Is a correction on the way?
“Too many inexperienced investors are plowing into technology ideas that appear overpriced at 20x revenues, complaining that the often older investment community does not understand the disruption taking place and is too hampered by traditional metrics,” the firm wrote in a client note.
According to analysts led by Tobias Levkovich, the action is reminiscent of the 1999-2000 period, when “panic/euphoria was this ebullient for months before cracks emerged and indices fell.”
In light of this, the firm believes a 10% correction is “very plausible.” A drop of this magnitude would bring the S&P500 to around 4,000, the firm’s year-end target for the benchmark index. On Tuesday, the S&P500 reached a new high of 4,423.15 points.
An unfavorable outlook
On Wednesday, Citi reduced its outlook for the US stock market to neutral. Rising interest rates, according to the firm, will have a negative impact on growth stocks in the coming months. Given the importance of technology stocks to the US stock market, any weakness could weigh on equities in general.
Having said that, Levkovich was quick to point out that he does not believe the S&P500 is in a bubble, as it was in 2000.
“Equities have been held up significantly this year by strong earnings growth. Another distinguishing feature has been central bank support, with comments about eventual tapering having little, if any, negative impact,” he wrote.
According to Refinitiv data, 88 percent of the 340 S&P components that have reported second-quarter earnings have surpassed earnings estimates. In terms of revenue, 87 percent have outperformed expectations.
According to Citi, technology companies’ earnings have been strong in part because of their easy scalability, while cyclical names have benefited from favorable year-over-year comparisons and cost-cutting measures.
“Consumers have wage growth and stimulus money to spend, and corporations have increased capex due to low financing rates,” according to the firm.
Looking ahead, Levkovich identified several factors that could put pressure on stocks. “We are concerned about higher taxes, cost pressures eroding profitability, tapering, and more persistent inflation all converging in September,” he said, noting that the month is traditionally difficult for the S&P500.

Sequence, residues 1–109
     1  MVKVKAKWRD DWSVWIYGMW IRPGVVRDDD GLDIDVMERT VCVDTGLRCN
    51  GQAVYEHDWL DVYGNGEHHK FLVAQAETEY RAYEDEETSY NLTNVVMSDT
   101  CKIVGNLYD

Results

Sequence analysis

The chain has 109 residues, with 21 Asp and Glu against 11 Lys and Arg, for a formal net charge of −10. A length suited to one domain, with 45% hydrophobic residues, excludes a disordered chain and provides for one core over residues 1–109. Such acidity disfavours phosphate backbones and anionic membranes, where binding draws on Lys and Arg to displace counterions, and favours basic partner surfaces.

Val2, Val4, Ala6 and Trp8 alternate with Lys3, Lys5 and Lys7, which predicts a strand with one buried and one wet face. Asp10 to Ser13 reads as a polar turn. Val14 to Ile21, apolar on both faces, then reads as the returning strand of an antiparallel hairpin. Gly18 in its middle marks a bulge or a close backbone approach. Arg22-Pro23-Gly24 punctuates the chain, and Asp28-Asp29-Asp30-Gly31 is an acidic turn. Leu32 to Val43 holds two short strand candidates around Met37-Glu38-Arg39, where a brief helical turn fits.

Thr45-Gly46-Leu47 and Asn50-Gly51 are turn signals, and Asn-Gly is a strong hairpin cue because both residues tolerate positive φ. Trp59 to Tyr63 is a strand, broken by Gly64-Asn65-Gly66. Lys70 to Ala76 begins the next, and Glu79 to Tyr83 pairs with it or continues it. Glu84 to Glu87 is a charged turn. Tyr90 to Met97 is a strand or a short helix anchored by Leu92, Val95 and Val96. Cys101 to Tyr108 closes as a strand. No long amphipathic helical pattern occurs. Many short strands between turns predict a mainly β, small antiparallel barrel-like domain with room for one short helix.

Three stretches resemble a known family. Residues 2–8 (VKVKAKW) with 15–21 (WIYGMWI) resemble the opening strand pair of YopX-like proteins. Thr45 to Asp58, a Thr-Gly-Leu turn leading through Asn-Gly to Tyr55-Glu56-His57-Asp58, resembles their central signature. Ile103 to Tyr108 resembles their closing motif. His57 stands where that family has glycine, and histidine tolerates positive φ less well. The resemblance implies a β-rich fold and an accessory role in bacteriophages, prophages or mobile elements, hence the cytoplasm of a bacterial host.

“Sentiment is still very strong… and our lead profit margin indicator is still warning us to be cautious.”
Citi’s S&P target for the end of the year is at the low end of analyst expectations. According to data, the average target is 4,316. Bank of America is the most bearish, with a call at 3,800, while Oppenheimer is the most bullish, with a call at 4,700.
Dividend payouts hit a record
A dividend is a payment made to shareholders from a company’s profits. Dividend-paying stocks and ETFs provide investors with regular payments.
“The current working view for S&P500 dividends continued to improve (aided by Fed approval for higher dividends in the second half), as COVID-19 vaccine availability was plentiful (with concern over those who refused to be vaccinated), allowing a wider reopening of America,” said Howard Silverblatt, senior index analyst at S&P Dow Jones Indices.
Following the Fed stress test, major banks such as JPMorgan Chase, Bank of America, and Goldman Sachs increased their dividends for the third quarter. Morgan Stanley increased its dividend by doubling it.
According to Silverblatt’s analysis, cash dividend payments increased 10.6 percent year on year in July. According to Silverblatt, the median dividend increase in July was 11.1 percent, up from 8.3 percent last month and 6.3 percent in July 2020.
“Dividends were up for the month, as banks implemented Fed-approved increases. “The actual payment in Q3 2021 appears to be a potential record,” Silverblatt said.
If vaccinations continue and the economy recovers, Silverblatt expects dividend payments to rise by 5% in 2021, setting a new annual record.